Through analyzing the terminology of the Security Council resolutions on the Sahara, we draw four decisive conclusions.
Rabat – It is informative to analyze the Security Council’s terminology in Sahara resolutions in terms of its evolution and the dynamism of its meanings, as well as relying on the formulas and expressions within which these terms produce meaning.
In so doing, it is clear that this terminology has gradually shifted in the direction of abandoning gray language, towards the adoption of precise terms compatible with what a political settlement requires.
Referendum: This term has completely disappeared from the lexicon of Security Council resolutions on the Sahara. It may only be cited in the designation of the MINURSO mission. It was never mentioned separately and independently in its idiomatic sense.
Self-determination: When this term is mentioned once or twice, it is always associated with two basic conditions that surround and frame it. Firstly, it has to be consistent with the terms of compromise, realism, and a need for a practicable solution. Those terms are mentioned in advance to define its meaning, and it is linked in its purpose to the principles of the United Nations Charter, particularly the principle of sovereignty and territorial integrity.
Secondly, its mention is always associated with the Moroccan autonomy initiative, making an implicit but clear reference to the fact that it achieves the equation of reconciling self-determination with respect for the principle of territorial integrity and sovereignty.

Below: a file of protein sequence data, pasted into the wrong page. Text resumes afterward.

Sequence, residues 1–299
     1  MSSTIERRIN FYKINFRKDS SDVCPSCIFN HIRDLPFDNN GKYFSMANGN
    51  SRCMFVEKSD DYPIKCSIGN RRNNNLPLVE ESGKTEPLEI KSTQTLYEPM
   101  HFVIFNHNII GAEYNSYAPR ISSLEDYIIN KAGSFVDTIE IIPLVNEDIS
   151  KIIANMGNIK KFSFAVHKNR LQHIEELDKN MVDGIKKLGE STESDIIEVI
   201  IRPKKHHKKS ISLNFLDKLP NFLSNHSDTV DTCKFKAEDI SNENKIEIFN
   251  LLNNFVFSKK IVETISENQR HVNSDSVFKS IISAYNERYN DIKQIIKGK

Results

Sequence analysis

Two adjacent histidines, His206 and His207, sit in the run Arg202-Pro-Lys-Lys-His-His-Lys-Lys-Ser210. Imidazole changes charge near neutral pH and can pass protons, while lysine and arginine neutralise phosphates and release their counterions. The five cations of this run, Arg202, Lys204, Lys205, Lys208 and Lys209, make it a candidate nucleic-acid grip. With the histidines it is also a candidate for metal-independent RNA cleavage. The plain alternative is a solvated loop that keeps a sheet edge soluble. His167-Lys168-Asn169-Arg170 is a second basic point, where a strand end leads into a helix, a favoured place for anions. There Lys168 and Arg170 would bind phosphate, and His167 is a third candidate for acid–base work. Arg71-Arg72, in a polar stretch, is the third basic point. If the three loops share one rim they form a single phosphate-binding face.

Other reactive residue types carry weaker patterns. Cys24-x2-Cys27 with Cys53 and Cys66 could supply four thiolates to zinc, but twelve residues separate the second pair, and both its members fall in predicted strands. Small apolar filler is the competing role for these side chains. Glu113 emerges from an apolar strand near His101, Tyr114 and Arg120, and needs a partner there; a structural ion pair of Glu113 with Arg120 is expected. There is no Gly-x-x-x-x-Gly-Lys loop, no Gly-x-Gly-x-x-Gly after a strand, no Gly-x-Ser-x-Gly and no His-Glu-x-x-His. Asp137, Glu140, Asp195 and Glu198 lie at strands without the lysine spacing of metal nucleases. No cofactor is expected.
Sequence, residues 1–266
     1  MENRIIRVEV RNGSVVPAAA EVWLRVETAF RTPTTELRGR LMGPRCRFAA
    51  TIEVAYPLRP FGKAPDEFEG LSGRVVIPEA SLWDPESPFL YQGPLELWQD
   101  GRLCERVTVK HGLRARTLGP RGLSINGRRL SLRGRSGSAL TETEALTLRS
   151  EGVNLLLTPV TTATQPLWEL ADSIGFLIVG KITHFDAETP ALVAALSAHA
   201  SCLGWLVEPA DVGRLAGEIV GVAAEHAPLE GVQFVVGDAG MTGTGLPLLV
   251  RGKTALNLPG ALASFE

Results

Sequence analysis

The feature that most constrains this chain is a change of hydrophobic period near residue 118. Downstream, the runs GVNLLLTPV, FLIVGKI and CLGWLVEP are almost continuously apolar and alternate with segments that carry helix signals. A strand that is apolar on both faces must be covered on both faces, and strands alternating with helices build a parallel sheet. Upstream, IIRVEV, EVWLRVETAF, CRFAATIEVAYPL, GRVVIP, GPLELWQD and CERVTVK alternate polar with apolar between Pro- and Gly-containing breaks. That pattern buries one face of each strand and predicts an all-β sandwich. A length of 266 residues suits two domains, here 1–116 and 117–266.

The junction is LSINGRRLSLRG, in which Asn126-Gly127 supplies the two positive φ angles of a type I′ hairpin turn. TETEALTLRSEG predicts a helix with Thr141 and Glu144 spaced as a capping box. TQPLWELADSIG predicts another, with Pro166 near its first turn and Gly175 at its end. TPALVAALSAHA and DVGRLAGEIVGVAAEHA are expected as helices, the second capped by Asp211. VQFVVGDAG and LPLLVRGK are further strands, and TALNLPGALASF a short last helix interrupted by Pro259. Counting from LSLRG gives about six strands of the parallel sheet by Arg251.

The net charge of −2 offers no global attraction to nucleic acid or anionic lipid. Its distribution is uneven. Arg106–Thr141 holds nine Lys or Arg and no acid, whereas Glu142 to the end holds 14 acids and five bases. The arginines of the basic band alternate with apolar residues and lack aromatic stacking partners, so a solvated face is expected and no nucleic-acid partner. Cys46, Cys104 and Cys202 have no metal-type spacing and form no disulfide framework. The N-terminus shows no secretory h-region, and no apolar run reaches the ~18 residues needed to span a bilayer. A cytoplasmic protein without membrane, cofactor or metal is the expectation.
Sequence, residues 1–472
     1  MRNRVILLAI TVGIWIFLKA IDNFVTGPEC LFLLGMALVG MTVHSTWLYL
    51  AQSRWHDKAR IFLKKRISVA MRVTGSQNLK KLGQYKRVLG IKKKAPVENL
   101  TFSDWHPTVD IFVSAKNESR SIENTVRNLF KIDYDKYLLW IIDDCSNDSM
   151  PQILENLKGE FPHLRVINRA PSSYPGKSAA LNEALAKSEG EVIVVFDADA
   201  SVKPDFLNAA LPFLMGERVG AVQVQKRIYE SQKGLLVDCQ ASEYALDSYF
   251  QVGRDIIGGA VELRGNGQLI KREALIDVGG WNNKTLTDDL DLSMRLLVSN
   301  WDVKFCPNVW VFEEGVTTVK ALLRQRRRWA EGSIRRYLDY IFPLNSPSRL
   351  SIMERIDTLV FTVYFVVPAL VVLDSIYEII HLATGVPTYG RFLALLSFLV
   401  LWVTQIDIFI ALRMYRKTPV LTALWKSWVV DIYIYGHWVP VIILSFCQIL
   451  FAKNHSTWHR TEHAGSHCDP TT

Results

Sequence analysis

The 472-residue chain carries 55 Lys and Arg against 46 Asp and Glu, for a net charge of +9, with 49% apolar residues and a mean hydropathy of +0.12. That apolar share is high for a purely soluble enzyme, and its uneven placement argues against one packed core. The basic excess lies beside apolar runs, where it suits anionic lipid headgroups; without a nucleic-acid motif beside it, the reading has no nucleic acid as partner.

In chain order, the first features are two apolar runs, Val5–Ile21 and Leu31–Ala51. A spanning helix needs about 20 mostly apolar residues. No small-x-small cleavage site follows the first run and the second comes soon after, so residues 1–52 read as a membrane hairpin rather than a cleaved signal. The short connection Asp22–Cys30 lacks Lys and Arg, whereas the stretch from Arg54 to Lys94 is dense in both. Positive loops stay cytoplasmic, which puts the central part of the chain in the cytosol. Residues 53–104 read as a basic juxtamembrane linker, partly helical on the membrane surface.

Compromise: From 2008 to 2017, this term appeared once in every Security Council resolution on the Sahara. In 2018, an important development occurred when a resolution mentioned it three times. In 2019 and 2020, it was mentioned five times in each resolution. This included three mentions in the executive part of each resolution, which suggests a decisive shift in the United Nations’ and international perception of what is necessary in order to reach a political and a peaceful solution.
Realism: From 2008 to 2017, this term was mentioned once in every Security Council resolution on the Sahara. This is based on the recommendation of the former UN envoy Van Valsom, who expressed in his last report in 2008 the impossibility of the referendum and called for realism and compromise. 2018: Cited twice. Then in 2019 and 2020, it was mentioned three times in each Security Council resolution. It appeared twice in the executive part, thus proving that realism has become the compass of the political solution, which means that running after a separatist entity is synonymous with running after a mirage of wishful dreams.
Practicable solution: It was first mentioned in the 2018 decision and was mentioned once in the decisions issued in 2019 and 2020. This term constitutes an invitation to other parties to propose and obtain what is feasible instead of relying on static and obsolete theoretical propaganda.